Adrienne Barbeau: 'Swamp Thing' Scream Queen, Then And Now
Adrienne Barbeau in 'The Fog' (1980) and 'Swamp Thing' (1982). Source: IMDB
With a string of early-'80s movies like The Fog, Escape From New York, The Cannonball Run, Swamp Thing, and Creepshow, Adrienne Barbeau established herself as a tough, sexy dream girl of young male movie junkies, appearing in exactly the movies young men liked. Horror, suspense, comic books, screwball comedy -- Barbeau's films weren't going to get a Best Picture nod, but these are films fans loved. And in fact, fans still love these movies, and continue to flock to Barbeau, as her packed convention schedule demonstrates. Before she became the first lady of cult classics, Barbeau attracted attention as a supporting character on Maude, the Bea Arthur sitcom, and in the years since her heyday she has appeared on various successful TV shows. But it's those endlessly re-watchable early '80s movies that will forever be her claim to fame.
"It's wonderful at this point in my career to realize there are pieces of work that have sustained themselves all this time," she told TV Guide in 2010. "I'll run into people who say, 'We watch Swamp Thing once a month!'"
Barbeau Was A Broadway Actress In The Early '70s
Barbeau's career began when she toured Pacific military bases with the San Jose Civic Light Opera in 1963. She headed to New York, where she briefly worked as a go-go dancer. She landed the role of Hodel in the Broadway musical Fiddler On The Roof. She left the show in 1971 to take the lead role in a nudie off-Broadway musical, Stag Movie. She only performed the role of Cookie Kovac from January to March 1971, when the show closed. Barbeau was cast as a naïve actress hired for an X-rated movie and sang naked in many of the 13 numbers she performed.
Her next role was the character of Rizzo in the original 1971 Broadway production of Grease. For that role, her portrayal of a tough, no-nonsense teenager, she was nominated for a Tony Award in 1972 and won a Theater World Award.
Barbeau On 'Maude' And Her Mentor, Of Bea Arthur
After he read reviews of Grease, Norman Lear cast her as Carol in Maude. Barbeau has often said that working with Bea Arthur was one of the great experiences of her career:
She was fantastic... It was a great experience, all six years. Wonderful people to work with and something to be so incredibly proud of, which I took for granted at the time because I came from stage, so I didn't know television at all. I didn't even know what was on. I didn't know Norman Lear's reputation or anything like that. It took me awhile to realize that I had fallen into such a fantastic work situation. And most of that was because of Bea - because she's such a professional, such a great woman to work with. We had a great time.
By the late 1970s, Barbeau was considered a sex symbol. It was the golden age of pinup posters, and Barbeau was no exception -- in 1978, she appeared on a cheesecake poster wearing a purple corset in 1978. Joe Bob Briggs, a film critic, noted her voluptuous chest.
From TV To Movies
During the 1970s, Barbeau appeared on multiple television shows, from The Love Boat to Fantasy Island. In 1976, she appeared in a made-for-TV movie, The Great Houdini. The film, a fictional story of Houdini’s that featured elements of the supernatural. Barbeau starred as Houdini’s mistress in the film. She continued to work on made-for-TV films, including Someone’s Watching Me, a movie influenced by Hitchcock. On the set of this film, she met director John Carpenter.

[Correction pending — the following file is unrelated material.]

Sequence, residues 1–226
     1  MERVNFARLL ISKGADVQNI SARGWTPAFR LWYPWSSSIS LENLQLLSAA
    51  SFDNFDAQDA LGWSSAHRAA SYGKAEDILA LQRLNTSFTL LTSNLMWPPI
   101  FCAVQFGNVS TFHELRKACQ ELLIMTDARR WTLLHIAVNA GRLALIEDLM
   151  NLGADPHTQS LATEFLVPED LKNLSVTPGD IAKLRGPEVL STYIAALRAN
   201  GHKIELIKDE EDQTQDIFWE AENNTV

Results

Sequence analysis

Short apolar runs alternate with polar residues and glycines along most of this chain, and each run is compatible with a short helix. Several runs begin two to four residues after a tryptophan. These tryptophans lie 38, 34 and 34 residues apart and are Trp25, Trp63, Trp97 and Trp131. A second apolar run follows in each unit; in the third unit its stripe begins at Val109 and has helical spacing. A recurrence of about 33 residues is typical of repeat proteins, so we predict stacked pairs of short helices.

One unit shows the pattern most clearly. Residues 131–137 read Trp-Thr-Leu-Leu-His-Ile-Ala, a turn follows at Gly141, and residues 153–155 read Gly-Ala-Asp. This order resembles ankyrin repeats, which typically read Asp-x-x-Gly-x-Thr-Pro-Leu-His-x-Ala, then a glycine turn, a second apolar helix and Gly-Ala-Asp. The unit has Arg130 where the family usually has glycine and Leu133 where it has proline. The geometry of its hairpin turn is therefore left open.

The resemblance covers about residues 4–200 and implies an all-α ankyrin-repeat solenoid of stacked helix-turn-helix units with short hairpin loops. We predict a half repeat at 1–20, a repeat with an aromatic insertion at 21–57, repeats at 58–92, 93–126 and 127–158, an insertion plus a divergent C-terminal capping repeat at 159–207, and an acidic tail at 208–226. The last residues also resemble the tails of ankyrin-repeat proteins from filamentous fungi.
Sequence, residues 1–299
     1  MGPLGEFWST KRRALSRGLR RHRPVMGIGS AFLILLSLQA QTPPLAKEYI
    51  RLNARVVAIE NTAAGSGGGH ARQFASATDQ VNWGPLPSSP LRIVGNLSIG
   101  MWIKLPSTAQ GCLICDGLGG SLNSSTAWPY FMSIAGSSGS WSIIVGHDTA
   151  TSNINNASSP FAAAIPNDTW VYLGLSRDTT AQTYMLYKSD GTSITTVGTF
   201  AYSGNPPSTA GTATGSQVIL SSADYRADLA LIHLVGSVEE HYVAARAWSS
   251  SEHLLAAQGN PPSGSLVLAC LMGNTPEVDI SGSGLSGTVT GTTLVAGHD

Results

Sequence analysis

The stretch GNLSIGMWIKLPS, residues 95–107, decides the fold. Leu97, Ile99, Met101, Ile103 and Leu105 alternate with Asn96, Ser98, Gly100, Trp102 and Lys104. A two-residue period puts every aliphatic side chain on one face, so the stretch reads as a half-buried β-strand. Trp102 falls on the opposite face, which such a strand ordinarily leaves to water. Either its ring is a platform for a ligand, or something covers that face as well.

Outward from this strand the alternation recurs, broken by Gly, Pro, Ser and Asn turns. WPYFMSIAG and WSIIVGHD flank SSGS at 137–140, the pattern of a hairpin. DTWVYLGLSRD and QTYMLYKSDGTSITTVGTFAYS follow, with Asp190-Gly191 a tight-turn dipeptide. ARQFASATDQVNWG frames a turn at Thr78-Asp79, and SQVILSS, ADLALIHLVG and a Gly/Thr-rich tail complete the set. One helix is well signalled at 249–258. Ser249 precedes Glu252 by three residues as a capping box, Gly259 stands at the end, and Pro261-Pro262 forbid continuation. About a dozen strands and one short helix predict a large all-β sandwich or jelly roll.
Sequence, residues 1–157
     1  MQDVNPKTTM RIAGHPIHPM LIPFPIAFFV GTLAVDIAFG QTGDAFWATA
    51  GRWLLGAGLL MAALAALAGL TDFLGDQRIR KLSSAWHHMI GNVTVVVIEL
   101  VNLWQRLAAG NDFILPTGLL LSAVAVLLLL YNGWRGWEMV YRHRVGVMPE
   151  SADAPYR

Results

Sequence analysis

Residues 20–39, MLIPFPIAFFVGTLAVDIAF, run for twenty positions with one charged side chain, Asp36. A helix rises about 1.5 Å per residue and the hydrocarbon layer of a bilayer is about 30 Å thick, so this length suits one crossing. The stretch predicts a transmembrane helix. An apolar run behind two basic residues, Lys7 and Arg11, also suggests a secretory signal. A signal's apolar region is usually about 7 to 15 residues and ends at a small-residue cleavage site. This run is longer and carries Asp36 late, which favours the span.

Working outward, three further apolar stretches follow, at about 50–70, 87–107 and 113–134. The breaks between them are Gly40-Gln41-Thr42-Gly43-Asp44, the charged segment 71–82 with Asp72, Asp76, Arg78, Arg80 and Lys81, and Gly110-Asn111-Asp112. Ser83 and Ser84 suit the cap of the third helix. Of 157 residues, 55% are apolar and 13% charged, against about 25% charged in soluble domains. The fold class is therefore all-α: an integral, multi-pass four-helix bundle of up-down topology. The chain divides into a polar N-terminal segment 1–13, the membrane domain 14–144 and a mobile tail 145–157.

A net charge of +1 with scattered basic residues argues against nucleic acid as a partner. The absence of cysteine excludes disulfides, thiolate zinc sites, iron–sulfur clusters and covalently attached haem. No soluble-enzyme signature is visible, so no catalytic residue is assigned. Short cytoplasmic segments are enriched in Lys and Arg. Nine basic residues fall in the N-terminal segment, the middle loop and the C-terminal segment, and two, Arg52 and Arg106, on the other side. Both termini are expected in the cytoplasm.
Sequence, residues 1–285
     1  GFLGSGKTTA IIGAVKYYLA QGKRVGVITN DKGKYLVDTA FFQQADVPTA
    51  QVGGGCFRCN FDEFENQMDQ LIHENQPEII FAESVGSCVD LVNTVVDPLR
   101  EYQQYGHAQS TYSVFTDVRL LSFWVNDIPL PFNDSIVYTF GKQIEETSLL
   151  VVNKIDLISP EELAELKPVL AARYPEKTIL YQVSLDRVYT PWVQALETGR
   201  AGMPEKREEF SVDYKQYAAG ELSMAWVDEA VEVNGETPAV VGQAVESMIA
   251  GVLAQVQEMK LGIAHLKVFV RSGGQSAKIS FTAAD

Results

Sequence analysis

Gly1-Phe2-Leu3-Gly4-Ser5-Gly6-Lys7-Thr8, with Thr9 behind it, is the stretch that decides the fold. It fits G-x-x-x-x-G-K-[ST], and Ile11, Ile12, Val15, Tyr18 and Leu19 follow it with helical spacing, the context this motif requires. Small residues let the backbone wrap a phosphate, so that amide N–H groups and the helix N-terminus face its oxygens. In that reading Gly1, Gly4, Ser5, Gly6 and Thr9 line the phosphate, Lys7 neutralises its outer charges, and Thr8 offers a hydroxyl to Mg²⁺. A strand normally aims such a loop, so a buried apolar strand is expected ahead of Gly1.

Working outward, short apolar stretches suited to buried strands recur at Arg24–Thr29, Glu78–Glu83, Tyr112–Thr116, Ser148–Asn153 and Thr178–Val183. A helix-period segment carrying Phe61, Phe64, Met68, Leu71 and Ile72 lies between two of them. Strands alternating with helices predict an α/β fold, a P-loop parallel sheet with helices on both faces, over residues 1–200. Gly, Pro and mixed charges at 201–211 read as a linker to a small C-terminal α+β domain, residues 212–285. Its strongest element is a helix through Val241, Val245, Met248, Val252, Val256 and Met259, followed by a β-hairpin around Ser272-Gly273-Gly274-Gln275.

She then worked on The Darker Side of Terror, a fantasy/sci-fi film.
John Carpenter, whom she married in 1979, created the character Stevie Wayne for her in his film The Fog. She also appeared in Carpenter’s Escape From New York before she was cast in George A. Romero’s Creepshow. Her first love scene came in Swamp Thing, but it was a love scene with a monster. The nude scene was only made for European audiences and was censored in the U.S.
Barbeau's early '80s career was majorly boosted by the quality of directors she worked with, all of whom have their own cult followings. Swamp Thing was directed by horror master Wes Craven (of Nightmare On Elm Street fame), while George A. Romero is king of the zombie movies with his Night Of The Living Dead franchise, and Carpenter has been an acclaimed master of suspense for several decades.
From Scream Queen To Laughs
Although she was well known for her appearances in horror films, in the ‘80s she also had roles in comedies such as Cannonball Run and Back to School.
She divorced John Carpenter in 1984. In 1992, she married Billy Van Zandt who is 12 years younger than her. At 51 she gave birth to twins. They divorced in 2018.
Recent Television, And Beyond
Barbeau has continued to appear on television shows and in movies and has more than 450 screen credits to date. Her credits in the '90s and 2000s include General Hospital (66 episodes) and Carnivale, as well as voice acting as Catwoman/Selina Kyle on Batman: The Animated Series and Gotham Girls.
Beyond acting, she has recorded music and is the author of an autobiography, There Are Worse Things I Could Do. She has also written fiction, including Vampyres of Hollywood and Love Bites, two books that are Barbeau’s humorous take on the vampire genre in Hollywood.
Two current projects are bringing Barbeau back to her roots: She will be appearing on an episode of the revived Creepshow series, and she plays Dr. Palomar on a Swamp Thing series. Both of these projects have yet to be released.
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